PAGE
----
Instead of placing the test speaker into the speaker space, the alternate technique expands the client speaker vector points within the speaker space back into complete speech models. Recall that even though the initial client enrollment speech was very short (quite possibly resulting in incomplete speech models) the points in speaker space will generate complete speech models. This is so because the original speaker space contains a great deal of a priori knowledge about the characteristics of human speech. In other words, only a few spoken words from a client speaker are sufficient to place that client speaker into the speaker space, where a full and complete speech model may be inferred.

In the alternate technique, each client speaker point within the speaker space is used to generate its corresponding complete speech model. Then, each of the client speaker models is assessed vis-à-vis speech from the test speaker. The client model with the highest probability of producing the test speech is then used for speaker identification and/or speaker verification purposes.

Expansion of the client speaker's position in speaker space vectors back into speech models is shown at step 144 in FIG. 8. Specifically, the corresponding complete speech models 146 are generated from their locations in the speaker space 142. These models are then used for subsequent speaker verification and/or speaker identification. Each of the models is tested vis-à-vis the test speech data supplied by a test speaker (user of the system). The model that has the highest probability of generating the test speech is used for subsequent speaker verification and identification purposes. FIG. 9 diagrammatically illustrates the process where speaker models 146 are used to assess test speech. At step 148 speech data supplied by test speaker(s) 150 are submitted to the probabilistic client speaker models 146 as part of a likelihood analysis. Each test speaker is assigned to whichever client yields the highest likelihood of producing his or her speech; alternatively, the test speaker may be classified as an impostor. Thus, the final assessment does not occur in speaker space but in model space.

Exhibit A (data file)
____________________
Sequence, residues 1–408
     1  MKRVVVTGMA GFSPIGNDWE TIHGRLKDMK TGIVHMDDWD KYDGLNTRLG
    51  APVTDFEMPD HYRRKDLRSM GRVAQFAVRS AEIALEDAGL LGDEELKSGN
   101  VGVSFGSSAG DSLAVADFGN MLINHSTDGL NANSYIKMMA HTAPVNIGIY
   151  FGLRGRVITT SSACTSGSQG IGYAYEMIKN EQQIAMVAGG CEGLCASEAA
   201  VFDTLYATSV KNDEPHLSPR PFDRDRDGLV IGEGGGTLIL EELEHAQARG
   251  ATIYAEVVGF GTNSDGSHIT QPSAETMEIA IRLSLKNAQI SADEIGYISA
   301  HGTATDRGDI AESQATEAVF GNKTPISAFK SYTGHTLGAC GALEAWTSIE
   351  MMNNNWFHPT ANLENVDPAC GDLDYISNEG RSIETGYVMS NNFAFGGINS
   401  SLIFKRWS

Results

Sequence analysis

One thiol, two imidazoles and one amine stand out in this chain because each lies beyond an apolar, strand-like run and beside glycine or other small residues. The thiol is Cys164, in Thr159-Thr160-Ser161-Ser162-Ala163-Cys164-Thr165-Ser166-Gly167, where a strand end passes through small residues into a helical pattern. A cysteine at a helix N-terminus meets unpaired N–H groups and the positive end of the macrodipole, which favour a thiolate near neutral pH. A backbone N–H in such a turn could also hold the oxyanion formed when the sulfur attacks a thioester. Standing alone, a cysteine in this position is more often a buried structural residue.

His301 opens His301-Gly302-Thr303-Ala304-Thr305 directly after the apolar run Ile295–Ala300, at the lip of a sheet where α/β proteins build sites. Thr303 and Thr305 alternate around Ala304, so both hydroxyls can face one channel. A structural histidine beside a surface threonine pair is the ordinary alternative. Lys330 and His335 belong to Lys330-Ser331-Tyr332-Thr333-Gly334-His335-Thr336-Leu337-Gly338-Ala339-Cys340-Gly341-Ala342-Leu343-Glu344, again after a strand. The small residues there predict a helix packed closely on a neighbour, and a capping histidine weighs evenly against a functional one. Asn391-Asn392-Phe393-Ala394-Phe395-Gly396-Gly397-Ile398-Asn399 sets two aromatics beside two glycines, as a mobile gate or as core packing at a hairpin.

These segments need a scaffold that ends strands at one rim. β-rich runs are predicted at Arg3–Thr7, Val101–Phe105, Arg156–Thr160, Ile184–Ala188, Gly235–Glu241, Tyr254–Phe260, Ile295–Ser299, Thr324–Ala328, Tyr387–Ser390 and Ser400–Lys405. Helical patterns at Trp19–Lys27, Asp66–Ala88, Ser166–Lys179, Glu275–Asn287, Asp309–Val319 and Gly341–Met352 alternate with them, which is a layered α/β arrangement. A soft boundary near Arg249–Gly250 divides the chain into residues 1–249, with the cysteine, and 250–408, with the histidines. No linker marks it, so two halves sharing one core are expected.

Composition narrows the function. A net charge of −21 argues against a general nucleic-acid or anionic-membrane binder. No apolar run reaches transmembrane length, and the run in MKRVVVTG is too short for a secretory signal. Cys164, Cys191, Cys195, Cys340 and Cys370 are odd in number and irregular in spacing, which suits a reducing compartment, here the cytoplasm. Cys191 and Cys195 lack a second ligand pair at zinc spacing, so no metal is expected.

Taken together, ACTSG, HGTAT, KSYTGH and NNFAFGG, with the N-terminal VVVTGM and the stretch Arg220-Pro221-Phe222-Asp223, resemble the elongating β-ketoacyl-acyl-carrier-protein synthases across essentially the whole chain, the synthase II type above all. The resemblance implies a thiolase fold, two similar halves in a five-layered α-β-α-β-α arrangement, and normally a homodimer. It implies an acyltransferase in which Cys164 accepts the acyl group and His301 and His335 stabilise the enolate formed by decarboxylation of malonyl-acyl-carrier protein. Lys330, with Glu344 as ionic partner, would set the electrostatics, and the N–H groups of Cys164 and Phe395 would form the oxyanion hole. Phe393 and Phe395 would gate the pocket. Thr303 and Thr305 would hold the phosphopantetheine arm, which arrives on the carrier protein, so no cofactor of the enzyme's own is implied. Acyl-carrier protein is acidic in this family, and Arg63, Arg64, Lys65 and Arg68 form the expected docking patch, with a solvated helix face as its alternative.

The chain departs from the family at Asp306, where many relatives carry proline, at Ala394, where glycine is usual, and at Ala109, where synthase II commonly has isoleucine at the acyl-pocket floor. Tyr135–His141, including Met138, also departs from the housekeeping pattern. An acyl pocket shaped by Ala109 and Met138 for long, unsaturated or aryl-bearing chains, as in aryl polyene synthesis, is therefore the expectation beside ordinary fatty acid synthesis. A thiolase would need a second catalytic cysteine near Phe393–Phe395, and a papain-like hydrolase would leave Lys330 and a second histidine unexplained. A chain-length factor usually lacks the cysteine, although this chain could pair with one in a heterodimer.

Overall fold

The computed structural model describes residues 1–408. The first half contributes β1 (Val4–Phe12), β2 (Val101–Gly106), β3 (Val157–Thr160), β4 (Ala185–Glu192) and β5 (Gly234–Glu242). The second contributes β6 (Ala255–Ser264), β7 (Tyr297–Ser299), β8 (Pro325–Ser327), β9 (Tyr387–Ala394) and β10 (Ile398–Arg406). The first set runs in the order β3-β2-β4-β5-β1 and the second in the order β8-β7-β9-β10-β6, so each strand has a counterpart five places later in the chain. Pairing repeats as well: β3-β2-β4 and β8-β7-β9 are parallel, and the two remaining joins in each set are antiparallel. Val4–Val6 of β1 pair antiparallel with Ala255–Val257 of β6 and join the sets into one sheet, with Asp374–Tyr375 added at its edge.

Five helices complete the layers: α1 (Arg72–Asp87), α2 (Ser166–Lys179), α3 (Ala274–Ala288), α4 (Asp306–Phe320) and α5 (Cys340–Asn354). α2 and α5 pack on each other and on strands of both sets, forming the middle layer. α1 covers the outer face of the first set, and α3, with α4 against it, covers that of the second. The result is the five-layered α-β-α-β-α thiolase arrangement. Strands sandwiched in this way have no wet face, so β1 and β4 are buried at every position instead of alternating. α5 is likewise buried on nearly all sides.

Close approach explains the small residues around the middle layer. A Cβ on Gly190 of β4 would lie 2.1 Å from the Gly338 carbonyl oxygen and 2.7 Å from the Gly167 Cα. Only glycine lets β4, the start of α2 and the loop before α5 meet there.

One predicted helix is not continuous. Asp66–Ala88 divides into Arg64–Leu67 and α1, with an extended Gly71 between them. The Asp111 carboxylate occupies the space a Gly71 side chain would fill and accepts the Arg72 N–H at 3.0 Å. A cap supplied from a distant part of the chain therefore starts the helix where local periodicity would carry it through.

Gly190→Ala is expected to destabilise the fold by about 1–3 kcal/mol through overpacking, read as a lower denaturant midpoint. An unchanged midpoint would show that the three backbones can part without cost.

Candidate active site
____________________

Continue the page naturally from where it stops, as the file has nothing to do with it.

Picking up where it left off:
It is also worth noting that the speaker space can be adapted as new speech is obtained during client enrollment. In the event the client environment differs from the original training environment (as often it will) environmental adaptation can be performed. For example, because the training-derived speaker space produces models that represent or express inter-speaker variability, these models can be used to estimate an environment mismatch function and to apply that function to the speaker space (i.e. as a linear transformation). This would prevent irrelevant features of the test environment from interfering with speaker verification and identification.

Enrollment of Difficult Client Speakers